I always like to ask for tips. And you know, I’ll give you the heads up. So that’s good. So what are some tips for us in business on a general basis that we can learn from your engineering.
But I think the tip that I have actually is, is not only relevant to engineering industry, on constructions, it’s actually for anybody who’s post submits a proposal or a quote, or a price for a tender or a bid. So when you get invited to bid for a project, before you start spending any time on your proposal, spend some time doing a assessment called go nogo assessment. The aim of this assessment is to determine if you really should bid for the project, do you really have a chance of winning it? You know, if 4050 other companies if it’s an open tender that 40 companies are bidding for this particular project? 10? was what what was the likelihood of you winning it? And if it’s next to nothing?
Why should you spend your time bidding for this? You may wish to go for it, but at least you’re aware of the the challenges. Is this a good client? Good payer bad payer difficult to work with? It was a difficult client that pays late and which impacts with cash flow and the awkward to work with? Why would you want to work on that project? You know, you know, when you make a reasonable profit on this privilege, the kind of questions that you have to ask yourself during the go nogo assessment, that you make a reasonable profit on this project? If you don’t, why should you bid for it? Does your team have the skill set to deliver this project?
If you don’t, you have access to sub consultants or subcontractors who can do this work as part of your team or partners that will partner with you. If If you can do all of it, go ahead and bet if you can’t do all of it, then can you find the people to help you. And if you can’t find those people? Should you really bid for this on next is if your team isn’t available. If you for example, you have the capacity right now to to, for example, build 10 homes now, in a year. Now, suddenly, you’re faced with so many bids. And if you accept all the bids that come through your door, you may end up doing 14 properties or houses in a year, and you simply don’t have the staff to put on those projects, do you really have the time to work on this project, because if you accept all tenders that are available to you. And if you secure all of them, then obviously, you have disappointed few of the protagonists I referred to earlier that they are the external client, they won’t be happy if you’re late. If you sort of botch it up if you sort of make mistakes, because you’re rushing through. You can’t accept everything that comes through your door.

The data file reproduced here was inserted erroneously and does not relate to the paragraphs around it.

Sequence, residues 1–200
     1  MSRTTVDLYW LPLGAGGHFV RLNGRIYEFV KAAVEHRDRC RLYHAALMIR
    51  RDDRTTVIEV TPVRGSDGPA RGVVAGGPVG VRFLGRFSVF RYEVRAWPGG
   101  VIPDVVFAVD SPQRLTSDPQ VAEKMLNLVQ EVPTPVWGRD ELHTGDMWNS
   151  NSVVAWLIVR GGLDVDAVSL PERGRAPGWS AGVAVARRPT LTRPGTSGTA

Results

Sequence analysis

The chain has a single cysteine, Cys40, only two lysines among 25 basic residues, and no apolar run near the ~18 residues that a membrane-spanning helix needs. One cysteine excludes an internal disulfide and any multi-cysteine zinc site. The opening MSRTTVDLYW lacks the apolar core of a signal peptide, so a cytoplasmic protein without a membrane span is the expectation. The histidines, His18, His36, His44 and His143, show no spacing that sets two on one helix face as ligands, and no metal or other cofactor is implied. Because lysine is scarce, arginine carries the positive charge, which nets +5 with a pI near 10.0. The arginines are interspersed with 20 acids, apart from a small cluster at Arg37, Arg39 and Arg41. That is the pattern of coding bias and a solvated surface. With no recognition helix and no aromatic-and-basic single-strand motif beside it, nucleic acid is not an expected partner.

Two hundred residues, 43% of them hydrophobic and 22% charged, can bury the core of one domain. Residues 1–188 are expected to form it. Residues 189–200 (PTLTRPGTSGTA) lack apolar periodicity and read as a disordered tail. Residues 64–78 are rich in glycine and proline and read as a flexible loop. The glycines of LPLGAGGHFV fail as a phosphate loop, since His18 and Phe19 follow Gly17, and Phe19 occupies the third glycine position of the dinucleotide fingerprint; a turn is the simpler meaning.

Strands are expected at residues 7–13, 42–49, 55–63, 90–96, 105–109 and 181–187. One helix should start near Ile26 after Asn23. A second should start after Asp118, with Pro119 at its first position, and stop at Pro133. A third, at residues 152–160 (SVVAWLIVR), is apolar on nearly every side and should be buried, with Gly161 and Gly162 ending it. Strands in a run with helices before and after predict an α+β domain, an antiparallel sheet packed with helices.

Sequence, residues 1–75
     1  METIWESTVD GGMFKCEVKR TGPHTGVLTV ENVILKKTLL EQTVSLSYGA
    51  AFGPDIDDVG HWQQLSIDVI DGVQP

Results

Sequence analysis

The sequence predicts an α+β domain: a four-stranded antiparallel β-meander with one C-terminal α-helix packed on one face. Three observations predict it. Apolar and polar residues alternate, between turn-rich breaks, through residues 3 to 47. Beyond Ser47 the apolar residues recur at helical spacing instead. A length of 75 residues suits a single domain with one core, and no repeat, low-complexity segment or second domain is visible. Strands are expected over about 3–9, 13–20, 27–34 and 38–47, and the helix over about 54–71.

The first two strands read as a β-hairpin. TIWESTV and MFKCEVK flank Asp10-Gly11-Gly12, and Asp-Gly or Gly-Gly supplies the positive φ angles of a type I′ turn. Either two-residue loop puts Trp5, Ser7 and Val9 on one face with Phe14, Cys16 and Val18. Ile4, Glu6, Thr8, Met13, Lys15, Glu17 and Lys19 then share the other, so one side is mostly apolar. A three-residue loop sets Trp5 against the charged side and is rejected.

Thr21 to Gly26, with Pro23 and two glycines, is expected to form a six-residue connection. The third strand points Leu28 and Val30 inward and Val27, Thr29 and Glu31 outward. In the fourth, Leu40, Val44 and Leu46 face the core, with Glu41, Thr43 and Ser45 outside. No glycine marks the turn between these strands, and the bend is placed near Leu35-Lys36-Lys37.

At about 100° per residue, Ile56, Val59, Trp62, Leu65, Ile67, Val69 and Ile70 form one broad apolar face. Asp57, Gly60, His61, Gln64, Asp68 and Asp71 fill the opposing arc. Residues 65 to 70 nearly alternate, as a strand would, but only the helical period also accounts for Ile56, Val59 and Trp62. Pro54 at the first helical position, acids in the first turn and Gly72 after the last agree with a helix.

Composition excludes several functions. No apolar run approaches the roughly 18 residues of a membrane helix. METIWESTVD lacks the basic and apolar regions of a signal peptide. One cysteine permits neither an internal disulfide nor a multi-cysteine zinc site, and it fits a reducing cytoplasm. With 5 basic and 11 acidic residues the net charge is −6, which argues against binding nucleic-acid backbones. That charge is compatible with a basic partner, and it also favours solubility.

Because I know a company, if you believe a lot whose hit rate was one in 40, which basically meant that they were submitting 40 bids or giving 40 quotes before they were able to secure one. So I had to ask him, Do you do a go? Go no go assessment, because you can weed out the undesirable projects and avoid wasting your time preparing a bid that you either don’t have a chance of winning, or you don’t want to actually win because the client is difficult to work with. So can you imagine how many working hours are wasted on the 39 bids that they were not successful on? Amazing?
Tony skinner 14:09
Yeah. And I think that’s a key principle that many in business don’t realize, you have to know when to say no. And you have to realize you know what your capacity is I’ve been requested for a quote for a University here in Sydney. And I didn’t respond in the first round because I thought not really for us. And they got back in touch with us look, we’d really appreciate the quote.
Okay, now I’m going to start doing some work on it. Send us some questions to clarify some points before I do the quote. And I’m waiting to hear back from them. So that could be one way of doing it as well. Let’s just wait and see what happens. Rather than always desperately rushing out there to do everything and universities can be good or bad. Okay, they’ve got money, but they’re not the best payers on the face of the planet either. So Yeah, you’ve got to balance everything. And it’s really that’s a fantastic tip. Mooeen, so I really appreciate that. Okay. All right. Well, thanks very much for your time. I know we covered a lot. There’s so much to cover when it comes to your particular topic with engineering and whatever. But yeah, thank you very much for your time.
Thank you for having me. Thanks,